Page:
The case studies

The case studies are fun. In one of them, a students’ union (not, remember, a public authority) considers inviting a writer to debate gender equality. It has a policy of not inviting speakers that use what it terms as “hate speech”. During planning for the debate, it emerges that the writer has spoken on social media of their belief that “women with a Gender Recognition Certificate are still men”, but because the writer has not yet been invited to speak there is no infringement of the writer’s freedom of speech. Makes sense. But then it says that the students’ union could not prevent its own societies, or even other students, from inviting the same speaker to talk to them because this would engage the HEI’s s.43 duty to protect free speech.

In the majority of cases societies are legally part of the SU – if they don’t follow the union’s rules, did an invite ever happen? And more practically, the idea that any student on campus can issue an invite anyone – and then get the HEI to wade in to help – is a preposterous recipe for chaos. Is the EHRC really trying to suggest that any group of students can invite any speaker, artist or performer without going through proper procedures (or having any consideration to budget, or safety), and then enlist the help of their HEI if the SU says no?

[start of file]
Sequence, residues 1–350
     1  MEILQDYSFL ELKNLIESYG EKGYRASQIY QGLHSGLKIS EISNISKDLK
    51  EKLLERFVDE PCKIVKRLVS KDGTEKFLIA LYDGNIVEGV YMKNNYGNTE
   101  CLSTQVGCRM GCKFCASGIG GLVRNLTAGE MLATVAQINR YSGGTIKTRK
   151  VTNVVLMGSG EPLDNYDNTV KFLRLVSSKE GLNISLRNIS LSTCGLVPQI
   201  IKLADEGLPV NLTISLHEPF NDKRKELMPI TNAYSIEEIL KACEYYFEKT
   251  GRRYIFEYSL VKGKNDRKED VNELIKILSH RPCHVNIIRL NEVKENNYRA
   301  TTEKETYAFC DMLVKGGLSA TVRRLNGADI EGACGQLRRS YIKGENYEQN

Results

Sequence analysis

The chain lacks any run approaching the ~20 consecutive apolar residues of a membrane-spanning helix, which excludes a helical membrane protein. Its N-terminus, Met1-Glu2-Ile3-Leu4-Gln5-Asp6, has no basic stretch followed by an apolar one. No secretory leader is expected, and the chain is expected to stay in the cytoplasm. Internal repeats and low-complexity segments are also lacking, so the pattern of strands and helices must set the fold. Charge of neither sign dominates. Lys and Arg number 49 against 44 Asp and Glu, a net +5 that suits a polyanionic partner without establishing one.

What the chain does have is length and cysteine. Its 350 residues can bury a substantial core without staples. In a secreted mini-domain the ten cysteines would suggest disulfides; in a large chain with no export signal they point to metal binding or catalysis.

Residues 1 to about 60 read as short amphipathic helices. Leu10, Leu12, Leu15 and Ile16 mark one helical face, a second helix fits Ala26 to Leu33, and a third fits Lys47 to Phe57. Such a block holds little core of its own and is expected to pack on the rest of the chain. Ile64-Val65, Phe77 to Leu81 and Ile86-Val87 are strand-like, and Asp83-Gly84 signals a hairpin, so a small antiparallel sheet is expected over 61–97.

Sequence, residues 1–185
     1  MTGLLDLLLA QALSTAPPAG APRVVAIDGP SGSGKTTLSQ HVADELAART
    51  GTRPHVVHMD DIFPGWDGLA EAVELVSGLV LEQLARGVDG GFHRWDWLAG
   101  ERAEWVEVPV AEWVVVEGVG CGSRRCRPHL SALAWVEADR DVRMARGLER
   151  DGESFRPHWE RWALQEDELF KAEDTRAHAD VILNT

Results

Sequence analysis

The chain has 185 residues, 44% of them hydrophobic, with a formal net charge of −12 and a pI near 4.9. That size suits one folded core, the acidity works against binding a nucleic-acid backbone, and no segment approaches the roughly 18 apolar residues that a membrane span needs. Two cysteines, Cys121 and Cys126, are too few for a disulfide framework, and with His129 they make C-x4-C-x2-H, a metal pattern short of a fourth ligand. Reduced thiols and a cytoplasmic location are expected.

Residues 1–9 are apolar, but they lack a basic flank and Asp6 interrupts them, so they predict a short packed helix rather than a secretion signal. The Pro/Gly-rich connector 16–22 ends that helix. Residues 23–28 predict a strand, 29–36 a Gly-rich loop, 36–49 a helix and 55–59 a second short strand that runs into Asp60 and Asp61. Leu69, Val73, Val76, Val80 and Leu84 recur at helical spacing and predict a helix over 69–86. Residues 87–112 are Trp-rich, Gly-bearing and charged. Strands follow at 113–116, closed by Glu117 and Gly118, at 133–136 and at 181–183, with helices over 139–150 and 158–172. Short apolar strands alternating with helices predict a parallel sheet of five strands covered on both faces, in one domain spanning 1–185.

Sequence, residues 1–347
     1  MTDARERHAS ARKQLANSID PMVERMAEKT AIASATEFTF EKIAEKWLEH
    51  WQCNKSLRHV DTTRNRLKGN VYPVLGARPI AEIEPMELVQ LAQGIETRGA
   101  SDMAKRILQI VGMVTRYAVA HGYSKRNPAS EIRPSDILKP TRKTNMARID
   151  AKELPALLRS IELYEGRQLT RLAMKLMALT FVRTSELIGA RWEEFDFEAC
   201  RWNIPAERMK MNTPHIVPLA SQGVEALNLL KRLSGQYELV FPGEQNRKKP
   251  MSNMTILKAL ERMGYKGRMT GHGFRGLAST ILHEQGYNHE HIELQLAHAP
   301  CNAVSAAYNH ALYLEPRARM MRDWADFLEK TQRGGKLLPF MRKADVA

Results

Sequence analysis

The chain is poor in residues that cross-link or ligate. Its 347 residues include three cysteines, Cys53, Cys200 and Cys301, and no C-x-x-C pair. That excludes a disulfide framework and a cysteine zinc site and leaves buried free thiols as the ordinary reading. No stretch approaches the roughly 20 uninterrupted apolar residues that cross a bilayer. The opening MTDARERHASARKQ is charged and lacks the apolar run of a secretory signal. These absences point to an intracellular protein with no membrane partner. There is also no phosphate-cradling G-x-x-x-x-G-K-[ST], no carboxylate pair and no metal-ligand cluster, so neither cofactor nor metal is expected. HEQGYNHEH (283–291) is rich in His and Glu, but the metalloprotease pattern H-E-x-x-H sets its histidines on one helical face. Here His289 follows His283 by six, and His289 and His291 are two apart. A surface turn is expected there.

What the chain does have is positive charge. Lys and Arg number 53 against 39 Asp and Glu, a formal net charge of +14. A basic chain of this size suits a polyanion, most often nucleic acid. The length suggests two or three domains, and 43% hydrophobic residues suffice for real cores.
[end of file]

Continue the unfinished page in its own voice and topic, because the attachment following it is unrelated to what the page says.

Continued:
In another, an event is organised by an atheist SU-affiliated society to debate whether God exists which attracts protesters. The guidance reminds readers that providers must take all “reasonably practicable” steps to enable the event to go ahead, which may include increasing security measures. But a glance at events in the US – where alt-right celebrities (with no lack of opportunity for expression) revel in being invited to campus and attracting protest – suggests that those steps can include astronomical security costs. The guidance dodges whether it’s “reasonable” for student fee income to be spent on alt-right celebrity security rather than, say, teaching and learning.

In another bizarre case study, a group calling itself “Laddism Reborn” applies to the students’ union to be affiliated and thereby to get funding and use of SU facilities for its activities. The group aims to promote what it calls “lad culture” and talks about women in an openly derogatory way on its promotional material (printed leaflets and social media platforms). The union refuses affiliation expressing its view that the group is misogynistic and citing its policy of creating “safe spaces” for all students.